10. An Apple – iPad – a Day Keeps the Doctor Away – The iPad and similar MDs (Mobile Devices) will enable and support people in being their own ConsumerMDTM by delivering a vast array of fitness, health and medical applications anytime, anywhere from the ubiquitous cloud of connectivity. Plus it will activate and support us in getting fitter with friends and family through the power of connected social networks. Obesity is viral. Health is viral. An Apple iPad will continue the trend of activating people to get fit with friends as part of our community.

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18 replies »

  1. pretty, but the low-end device has half as much memory as my iPod touch — which fits in my pants pocket. i see no ‘hands-free’ option for the iPad. i will be interested to see it in real life. dimensions, etc.

  2. I think number #5 should have the App Store added to it. It is the huge software base (and the variety of it –from ebook readers to medical encyclopedias) that will make the iPad successful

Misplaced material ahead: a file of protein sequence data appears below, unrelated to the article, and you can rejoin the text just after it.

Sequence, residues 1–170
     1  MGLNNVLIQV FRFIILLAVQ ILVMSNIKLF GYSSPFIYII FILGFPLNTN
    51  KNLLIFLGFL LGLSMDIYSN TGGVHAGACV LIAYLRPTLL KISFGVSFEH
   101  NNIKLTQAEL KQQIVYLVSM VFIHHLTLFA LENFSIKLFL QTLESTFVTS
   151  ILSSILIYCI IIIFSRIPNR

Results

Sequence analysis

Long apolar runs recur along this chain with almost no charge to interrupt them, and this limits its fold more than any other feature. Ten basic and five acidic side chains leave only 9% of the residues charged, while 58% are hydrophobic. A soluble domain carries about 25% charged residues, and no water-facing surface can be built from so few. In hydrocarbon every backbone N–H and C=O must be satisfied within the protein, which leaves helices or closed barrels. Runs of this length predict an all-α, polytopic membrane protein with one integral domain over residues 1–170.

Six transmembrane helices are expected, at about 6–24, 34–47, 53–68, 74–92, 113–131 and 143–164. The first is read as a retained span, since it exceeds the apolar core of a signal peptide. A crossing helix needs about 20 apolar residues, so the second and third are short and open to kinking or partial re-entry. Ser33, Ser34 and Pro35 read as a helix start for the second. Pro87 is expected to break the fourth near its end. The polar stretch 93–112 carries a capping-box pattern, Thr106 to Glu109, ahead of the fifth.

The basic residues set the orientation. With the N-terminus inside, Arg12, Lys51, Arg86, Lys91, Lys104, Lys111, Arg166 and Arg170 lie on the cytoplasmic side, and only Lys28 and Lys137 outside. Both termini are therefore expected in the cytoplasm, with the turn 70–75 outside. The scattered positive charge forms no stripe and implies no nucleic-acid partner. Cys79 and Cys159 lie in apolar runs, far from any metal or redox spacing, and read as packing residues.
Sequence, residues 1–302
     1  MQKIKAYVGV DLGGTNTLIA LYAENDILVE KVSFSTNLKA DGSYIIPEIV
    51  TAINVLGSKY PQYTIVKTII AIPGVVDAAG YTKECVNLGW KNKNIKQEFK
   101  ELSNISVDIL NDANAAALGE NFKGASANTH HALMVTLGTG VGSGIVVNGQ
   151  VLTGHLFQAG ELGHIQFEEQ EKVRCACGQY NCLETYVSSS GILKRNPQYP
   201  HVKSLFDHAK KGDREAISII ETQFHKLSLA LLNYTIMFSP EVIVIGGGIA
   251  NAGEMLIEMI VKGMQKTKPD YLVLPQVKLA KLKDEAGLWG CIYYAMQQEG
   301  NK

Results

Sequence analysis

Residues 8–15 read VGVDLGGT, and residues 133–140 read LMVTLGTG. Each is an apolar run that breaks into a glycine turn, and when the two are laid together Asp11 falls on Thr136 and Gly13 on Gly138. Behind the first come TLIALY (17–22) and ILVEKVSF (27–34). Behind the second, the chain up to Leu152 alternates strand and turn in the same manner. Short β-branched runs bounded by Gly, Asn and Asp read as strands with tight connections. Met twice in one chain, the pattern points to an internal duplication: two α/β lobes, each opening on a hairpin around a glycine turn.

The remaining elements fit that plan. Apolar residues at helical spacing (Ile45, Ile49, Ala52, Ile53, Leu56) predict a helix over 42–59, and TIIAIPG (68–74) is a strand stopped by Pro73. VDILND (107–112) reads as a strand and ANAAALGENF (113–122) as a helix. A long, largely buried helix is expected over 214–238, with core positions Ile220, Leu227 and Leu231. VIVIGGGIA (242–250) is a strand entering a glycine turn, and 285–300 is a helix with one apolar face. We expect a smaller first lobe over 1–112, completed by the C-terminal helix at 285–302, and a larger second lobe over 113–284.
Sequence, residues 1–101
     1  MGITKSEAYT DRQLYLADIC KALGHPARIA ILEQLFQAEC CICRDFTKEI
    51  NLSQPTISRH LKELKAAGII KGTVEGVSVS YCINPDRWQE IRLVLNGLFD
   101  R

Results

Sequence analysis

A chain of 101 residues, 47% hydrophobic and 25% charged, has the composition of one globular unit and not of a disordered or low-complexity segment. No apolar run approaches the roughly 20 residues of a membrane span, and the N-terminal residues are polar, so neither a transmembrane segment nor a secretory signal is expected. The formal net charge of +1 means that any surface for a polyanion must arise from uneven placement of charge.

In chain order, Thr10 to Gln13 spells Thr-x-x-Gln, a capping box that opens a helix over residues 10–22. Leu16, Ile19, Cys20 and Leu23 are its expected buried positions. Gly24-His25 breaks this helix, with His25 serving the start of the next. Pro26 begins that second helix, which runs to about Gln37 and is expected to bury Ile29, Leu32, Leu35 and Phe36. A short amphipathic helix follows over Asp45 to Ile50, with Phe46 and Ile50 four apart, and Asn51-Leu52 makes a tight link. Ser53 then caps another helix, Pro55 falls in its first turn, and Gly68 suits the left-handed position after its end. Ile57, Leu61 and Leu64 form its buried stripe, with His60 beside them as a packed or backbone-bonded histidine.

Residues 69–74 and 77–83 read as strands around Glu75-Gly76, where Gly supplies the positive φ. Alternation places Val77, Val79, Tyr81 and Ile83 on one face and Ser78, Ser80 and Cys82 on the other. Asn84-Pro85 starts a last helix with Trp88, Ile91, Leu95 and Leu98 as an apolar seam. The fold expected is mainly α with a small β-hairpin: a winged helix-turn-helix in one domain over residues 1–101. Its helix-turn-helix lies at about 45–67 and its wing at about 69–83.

3. I admit it … I’m an App Addict! Recently I used a bunch of apps on the iPhone (e.g., the GPS app, Yelp! (the restaurant review app), and a ton of games and web surfing) to get me through my last trip. I can only imagine how much nicer it would be to have more screen real-estate and even more apps to get me through my day-to-day world. Next – apply this to health care so I can have access to medical information, see reviews of doctors and other medical services, my own health and fitness tracking – plus competitive games to help me stick with my diet and exercise regimen? It sounds pretty revolutionary to me. And I think the place to start the health care revolution is with the people – with a renewed focus on prevention and wellness. I’m sure it will take a few iterations to finally get there – but, I, for one, am ready to hop on that train.